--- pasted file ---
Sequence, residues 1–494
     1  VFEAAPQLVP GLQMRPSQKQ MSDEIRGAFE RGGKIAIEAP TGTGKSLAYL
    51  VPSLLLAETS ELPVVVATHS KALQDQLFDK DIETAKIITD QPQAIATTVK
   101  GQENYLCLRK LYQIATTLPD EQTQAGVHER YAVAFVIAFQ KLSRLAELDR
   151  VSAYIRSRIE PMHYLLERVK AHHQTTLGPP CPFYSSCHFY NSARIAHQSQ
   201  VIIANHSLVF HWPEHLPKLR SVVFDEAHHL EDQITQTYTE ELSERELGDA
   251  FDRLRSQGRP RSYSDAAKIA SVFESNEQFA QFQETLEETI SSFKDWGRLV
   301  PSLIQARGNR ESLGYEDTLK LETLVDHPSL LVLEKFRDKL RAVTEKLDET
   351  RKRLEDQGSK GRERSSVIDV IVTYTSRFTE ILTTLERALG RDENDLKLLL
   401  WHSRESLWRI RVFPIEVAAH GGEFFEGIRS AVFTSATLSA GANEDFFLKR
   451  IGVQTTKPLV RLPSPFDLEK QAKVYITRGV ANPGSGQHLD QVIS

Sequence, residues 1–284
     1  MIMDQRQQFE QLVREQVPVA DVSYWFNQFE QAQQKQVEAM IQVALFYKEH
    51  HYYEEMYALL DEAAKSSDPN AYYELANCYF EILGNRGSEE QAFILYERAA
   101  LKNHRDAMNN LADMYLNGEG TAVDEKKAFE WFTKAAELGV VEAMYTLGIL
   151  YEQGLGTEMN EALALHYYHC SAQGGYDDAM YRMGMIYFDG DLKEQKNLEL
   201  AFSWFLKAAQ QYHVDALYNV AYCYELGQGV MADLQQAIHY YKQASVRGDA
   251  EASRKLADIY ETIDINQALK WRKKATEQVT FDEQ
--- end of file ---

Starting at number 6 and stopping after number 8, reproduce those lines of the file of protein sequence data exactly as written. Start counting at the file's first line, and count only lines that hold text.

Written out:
   201  VIIANHSLVF HWPEHLPKLR SVVFDEAHHL EDQITQTYTE ELSERELGDA
   251  FDRLRSQGRP RSYSDAAKIA SVFESNEQFA QFQETLEETI SSFKDWGRLV
   301  PSLIQARGNR ESLGYEDTLK LETLVDHPSL LVLEKFRDKL RAVTEKLDET